Jan Bernhoff teaches computer science at Åsö adult education college in Stockholm. He spoke at the Iran conference on Monday, giving a lecture entitled The Holocaust Demography. In it, he said that only 300,000 Jews died at the hands of the Nazis during the Second World War, rather than the figure of six million widely accepted by historians.
“This is deplorable,” said Jesper Svartvik, chairman of the Swedish Committee Against Anti-Semitism, to The Local.
“I have never met a serious scholar who would come up with a figure as low as 300,000,” he said.
Britt-Marie Johansson, headteacher at the school, said she knew nothing of the conference until she was informed on Wednesday morning.
“This is a conference with an anti-semitic flavour, and I don’t think our teachers should take part it. This is a question of democratic values, and the equal value of all people,” she told Svenska Dagbladet.
Following a meeting between Bernhoff and Johansson on Thursday morning, the teacher was suspended for the rest of the term. Johansson said his actions would now be investigated.
“This means that he is not allowed to work, but will retain a full salary,” she said.
Among the other conference delegates were former Ku Klux Klan leader David Duke and a smattering of largely-discredited historians. Many of the speakers claimed that the accepted history Holocaust was fabricated to benefit Israel.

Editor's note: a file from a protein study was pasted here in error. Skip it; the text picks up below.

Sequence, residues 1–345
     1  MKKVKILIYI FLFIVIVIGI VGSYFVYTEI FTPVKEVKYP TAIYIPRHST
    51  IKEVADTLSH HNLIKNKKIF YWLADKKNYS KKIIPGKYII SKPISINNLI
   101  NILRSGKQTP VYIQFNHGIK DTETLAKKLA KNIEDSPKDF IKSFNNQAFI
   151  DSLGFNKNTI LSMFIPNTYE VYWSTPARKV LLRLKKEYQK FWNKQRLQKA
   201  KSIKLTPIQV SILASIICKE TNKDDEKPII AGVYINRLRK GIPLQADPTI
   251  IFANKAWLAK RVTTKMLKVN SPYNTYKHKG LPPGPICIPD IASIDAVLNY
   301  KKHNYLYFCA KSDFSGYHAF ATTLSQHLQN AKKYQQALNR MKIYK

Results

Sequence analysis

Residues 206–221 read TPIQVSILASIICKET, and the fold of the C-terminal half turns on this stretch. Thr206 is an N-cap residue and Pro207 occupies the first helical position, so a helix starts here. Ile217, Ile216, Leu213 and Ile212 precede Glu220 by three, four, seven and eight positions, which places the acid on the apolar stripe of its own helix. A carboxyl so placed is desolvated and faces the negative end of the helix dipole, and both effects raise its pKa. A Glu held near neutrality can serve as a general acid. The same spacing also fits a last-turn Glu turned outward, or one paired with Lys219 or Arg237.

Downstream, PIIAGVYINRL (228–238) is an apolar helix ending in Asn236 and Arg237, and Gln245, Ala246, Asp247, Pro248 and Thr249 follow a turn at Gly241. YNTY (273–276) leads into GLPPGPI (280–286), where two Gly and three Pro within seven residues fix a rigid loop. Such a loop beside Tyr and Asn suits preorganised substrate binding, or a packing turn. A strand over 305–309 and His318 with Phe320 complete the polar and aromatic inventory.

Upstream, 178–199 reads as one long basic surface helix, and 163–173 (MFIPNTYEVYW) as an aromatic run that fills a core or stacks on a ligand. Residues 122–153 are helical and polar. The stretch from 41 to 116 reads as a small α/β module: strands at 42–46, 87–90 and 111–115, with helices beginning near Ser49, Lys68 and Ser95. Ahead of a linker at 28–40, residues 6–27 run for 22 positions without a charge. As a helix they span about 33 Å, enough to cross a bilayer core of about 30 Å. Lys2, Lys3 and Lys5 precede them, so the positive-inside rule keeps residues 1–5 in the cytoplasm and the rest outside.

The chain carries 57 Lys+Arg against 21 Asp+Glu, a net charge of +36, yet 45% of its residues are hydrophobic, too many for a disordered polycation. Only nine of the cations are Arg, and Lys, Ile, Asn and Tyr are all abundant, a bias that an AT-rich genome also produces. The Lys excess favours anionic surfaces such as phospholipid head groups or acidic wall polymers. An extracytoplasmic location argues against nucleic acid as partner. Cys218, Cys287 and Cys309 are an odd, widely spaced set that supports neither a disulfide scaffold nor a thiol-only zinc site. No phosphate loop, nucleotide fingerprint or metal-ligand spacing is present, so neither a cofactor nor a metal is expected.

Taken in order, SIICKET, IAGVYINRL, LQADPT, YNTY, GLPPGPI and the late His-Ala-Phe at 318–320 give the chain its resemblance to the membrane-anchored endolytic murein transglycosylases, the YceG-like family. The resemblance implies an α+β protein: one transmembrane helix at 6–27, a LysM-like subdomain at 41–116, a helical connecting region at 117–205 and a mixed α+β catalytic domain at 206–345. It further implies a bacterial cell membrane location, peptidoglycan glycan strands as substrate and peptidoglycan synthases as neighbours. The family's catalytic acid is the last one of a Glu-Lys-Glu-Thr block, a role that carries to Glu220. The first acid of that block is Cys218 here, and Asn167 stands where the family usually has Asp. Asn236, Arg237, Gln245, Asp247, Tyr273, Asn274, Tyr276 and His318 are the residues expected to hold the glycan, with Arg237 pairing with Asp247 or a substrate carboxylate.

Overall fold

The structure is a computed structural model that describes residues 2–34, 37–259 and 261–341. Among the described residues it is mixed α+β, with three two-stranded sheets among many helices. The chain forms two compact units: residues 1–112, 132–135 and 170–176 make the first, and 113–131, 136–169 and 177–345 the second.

International leaders attacked the decision to hold the event, with Germany’s Chancellor Angela Merkel condemning it “in the strongest terms,” and Britain’s Tony Blair saying it was “shocking beyond belief.”
Jesper Svartvik stressed that he had not read the whole of Bernhoff’s lecture, but said his attendance represented a tendency among some in Sweden “to instrumentalize the Holocaust for other purposes.”
Svartvik pointed to a recent incident in Malmö, in which a demonstrator carried a placard equating the star of David with the swastika.
“In Sweden, and in Europe, one uses these arguments not only to attack Israel, but also to excuse Europe’s behaviour towards the Jews,” he said. Svartvik also pointed out that a Swedish computer science teacher is hardly the best qualified person to give a lecture on the topic.
“He has gone to Teheran not as a specialist but because he holds the right views.”
Lotta Edholm, the politician with responsibility for education matters on Stockholm council, said the man’s participation in the conference was inappropriate:
“It is very unlikely that one can share the values of the curriculum if one has views such as this,” she told Metro.